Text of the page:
Navigant Research Blog

New Study of EcoFactor Home Energy Management Offering Sparks Responses

— September 16, 2014

Cloud-based home energy management (HEM) startup EcoFactor is touting data from a new independent study showing that its system delivers significant energy savings for residential customers enrolled in Nevada utility NV Energy’s mPowered program.  The analysis, conducted by ADM, found that in the summer of 2013, homes with EcoFactor-connected thermostats reduced electricity consumption by an average of 94.68 kWh per month, or 5.5%.

The study also showed that EcoFactor reduced peak load by 2.7 kW per thermostat, more than twice the load shed claimed by Google’s Nest Labs (1.18 kW per device) and 90 times the load shed Opower estimates it can achieve through its behavioral approach (0.044 kW).

It’s important to note that NV Energy’s mPowered program, which at that time had 14,500 participating customers, was (and still is) all EcoFactor – with no other competitors involved.  So there is no head-to-head comparison with Nest devices, for instance, nor with Opower’s approach.

The closest comparison between EcoFactor and a competitor involved a Carrier two-way communicating thermostat for residential customers.  In terms of per-device hourly reduction, EcoFactor’s thermostats came out on top, with a peak reduction of 2.37 kW.  Carrier devices followed closely at 2.33 kW.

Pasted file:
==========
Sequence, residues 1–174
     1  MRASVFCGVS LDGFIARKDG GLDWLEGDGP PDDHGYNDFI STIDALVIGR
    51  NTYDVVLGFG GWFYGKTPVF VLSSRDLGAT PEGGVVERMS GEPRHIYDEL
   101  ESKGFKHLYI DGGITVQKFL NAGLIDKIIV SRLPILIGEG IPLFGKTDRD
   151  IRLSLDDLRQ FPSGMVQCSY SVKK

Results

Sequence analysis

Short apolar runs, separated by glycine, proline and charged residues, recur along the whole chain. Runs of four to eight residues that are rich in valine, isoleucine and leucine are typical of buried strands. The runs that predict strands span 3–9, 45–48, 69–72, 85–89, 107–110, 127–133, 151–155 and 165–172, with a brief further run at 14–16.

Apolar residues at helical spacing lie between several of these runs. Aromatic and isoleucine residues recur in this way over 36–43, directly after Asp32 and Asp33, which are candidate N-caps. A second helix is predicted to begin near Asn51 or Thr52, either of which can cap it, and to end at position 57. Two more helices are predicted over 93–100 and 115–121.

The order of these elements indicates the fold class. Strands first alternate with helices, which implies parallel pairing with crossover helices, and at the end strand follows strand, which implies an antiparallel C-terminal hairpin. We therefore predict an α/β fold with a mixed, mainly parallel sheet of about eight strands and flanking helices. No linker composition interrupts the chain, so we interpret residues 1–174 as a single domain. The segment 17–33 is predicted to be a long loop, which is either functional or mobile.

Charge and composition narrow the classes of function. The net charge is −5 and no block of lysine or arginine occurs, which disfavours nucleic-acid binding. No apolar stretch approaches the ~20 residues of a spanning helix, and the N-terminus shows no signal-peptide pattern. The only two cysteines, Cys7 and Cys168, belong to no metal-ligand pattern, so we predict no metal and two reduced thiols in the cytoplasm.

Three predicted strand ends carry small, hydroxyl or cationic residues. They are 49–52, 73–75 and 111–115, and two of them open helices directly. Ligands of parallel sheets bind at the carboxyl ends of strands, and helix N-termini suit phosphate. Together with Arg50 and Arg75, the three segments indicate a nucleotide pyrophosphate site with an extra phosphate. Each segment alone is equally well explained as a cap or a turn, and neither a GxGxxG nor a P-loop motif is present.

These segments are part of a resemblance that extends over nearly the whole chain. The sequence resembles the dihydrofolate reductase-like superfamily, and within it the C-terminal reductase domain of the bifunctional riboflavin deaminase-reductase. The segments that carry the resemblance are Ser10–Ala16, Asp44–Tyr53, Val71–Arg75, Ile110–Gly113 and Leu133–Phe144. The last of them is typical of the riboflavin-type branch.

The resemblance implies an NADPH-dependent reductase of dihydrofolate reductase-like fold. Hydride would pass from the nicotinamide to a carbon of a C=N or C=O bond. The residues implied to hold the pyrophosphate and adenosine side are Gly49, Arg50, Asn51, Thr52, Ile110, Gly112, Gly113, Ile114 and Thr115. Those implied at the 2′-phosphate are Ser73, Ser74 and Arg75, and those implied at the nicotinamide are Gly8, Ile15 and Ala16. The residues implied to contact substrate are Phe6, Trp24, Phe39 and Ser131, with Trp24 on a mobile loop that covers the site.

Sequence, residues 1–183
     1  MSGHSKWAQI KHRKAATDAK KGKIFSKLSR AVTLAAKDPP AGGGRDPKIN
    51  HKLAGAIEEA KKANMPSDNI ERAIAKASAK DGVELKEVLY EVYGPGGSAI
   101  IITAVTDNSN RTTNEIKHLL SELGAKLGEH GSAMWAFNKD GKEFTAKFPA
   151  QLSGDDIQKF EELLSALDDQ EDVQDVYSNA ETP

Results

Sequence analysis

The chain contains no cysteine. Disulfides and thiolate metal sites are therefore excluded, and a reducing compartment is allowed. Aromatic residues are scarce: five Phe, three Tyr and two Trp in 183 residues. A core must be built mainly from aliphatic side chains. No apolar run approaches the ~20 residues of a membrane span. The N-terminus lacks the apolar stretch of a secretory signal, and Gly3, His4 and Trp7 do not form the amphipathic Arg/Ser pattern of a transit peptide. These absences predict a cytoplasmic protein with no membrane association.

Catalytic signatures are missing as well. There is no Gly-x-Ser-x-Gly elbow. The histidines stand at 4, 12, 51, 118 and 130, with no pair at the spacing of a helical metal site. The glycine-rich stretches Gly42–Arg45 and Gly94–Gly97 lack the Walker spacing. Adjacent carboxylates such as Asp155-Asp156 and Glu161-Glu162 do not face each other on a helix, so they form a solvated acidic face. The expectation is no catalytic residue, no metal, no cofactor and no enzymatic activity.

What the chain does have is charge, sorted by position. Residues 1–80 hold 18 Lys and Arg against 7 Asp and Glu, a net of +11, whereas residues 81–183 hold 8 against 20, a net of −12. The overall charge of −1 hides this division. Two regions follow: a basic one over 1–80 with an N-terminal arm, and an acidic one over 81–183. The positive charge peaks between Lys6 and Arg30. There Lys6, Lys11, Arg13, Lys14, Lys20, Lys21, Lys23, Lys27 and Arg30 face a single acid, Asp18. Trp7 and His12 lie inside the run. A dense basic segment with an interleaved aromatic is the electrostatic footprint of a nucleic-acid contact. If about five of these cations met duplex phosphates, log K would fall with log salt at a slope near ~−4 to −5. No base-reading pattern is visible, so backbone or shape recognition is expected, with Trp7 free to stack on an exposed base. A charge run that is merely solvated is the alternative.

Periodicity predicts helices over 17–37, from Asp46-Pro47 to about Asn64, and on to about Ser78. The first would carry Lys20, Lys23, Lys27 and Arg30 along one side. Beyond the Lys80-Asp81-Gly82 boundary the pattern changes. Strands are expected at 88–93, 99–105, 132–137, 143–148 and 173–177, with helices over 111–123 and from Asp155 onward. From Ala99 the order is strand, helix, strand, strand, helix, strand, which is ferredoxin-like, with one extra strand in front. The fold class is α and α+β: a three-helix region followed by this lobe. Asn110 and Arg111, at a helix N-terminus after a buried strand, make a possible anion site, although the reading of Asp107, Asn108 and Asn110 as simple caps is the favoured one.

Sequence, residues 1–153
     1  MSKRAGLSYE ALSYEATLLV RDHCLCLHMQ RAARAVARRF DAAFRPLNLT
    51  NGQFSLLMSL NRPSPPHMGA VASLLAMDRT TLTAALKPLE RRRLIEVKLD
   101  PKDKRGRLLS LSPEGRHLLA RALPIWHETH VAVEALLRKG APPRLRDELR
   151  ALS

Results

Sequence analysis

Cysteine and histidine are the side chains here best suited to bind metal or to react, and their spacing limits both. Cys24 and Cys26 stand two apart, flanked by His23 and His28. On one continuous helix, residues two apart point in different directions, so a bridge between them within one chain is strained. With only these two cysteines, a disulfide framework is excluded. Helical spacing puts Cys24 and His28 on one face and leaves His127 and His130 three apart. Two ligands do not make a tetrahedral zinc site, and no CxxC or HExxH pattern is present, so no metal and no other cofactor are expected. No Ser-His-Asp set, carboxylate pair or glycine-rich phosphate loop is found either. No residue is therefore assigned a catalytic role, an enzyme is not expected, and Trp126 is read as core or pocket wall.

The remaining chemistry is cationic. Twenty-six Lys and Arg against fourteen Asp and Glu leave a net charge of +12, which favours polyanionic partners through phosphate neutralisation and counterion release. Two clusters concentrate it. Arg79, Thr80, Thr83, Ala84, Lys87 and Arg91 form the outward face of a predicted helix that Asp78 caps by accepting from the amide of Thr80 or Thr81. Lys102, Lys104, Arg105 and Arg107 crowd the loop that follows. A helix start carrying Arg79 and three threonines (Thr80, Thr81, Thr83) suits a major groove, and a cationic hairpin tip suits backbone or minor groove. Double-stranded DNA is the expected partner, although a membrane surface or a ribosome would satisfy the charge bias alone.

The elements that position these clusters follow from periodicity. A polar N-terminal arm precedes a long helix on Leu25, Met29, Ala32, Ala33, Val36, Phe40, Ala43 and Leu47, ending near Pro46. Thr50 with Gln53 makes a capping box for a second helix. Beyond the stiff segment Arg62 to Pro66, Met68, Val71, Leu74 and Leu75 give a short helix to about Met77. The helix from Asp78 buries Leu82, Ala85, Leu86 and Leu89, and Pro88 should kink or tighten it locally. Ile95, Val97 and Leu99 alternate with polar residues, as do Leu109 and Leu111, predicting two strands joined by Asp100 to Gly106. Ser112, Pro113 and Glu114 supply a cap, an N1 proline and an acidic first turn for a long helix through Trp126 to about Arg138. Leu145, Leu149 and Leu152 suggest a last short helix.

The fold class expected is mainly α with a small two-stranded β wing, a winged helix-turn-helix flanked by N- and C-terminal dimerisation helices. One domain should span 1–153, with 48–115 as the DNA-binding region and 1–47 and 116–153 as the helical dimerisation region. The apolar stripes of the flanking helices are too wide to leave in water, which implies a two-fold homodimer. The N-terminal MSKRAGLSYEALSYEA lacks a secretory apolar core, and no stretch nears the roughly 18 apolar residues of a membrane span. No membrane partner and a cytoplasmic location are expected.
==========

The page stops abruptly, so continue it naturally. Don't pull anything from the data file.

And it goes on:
EcoFactor’s approach is not limited to demand response (DR) events and electricity.  By persistently working in the background (similar to Nest), it can also help a homeowner reduce natural gas consumption via the thermostat, as the study points out.  The study’s authors calculated the expected natural gas savings from EcoFactor’s platform during months in Las Vegas when space heating would occur and found that they would amount to 18 therms per year.  When combined with the cooling reductions, about 635 kWh, the expected annual savings for an EcoFactor home was about $98.

The Competition Reacts

In a blog post, Yoky Matsuoka, Nest Labs’ vice president of technology, responded, “If we take a look at the hottest days in Austin, Texas (where we did a study of Nest homes last year) and compare them to similarly hot days for EcoFactor customers in Nevada, Nest customers and EcoFactor customers both reduced their peak energy use by about 1.3 kW of energy.”  This competition is healthy for the HEM sector.

It’s also helpful to contrast the EcoFactor-mPowered results with what Oklahoma Gas and Electric (OG&E) has reported from a similar smart thermostat-DR program called SmartHours.  Using Energate thermostats and the Silver Spring Networks software platform, the average participating OG&E customer saved about $191, or approximately 15%, off an annual bill in 2012.  That program has not undergone an independent study like NV Energy’s, but it shows that results can vary.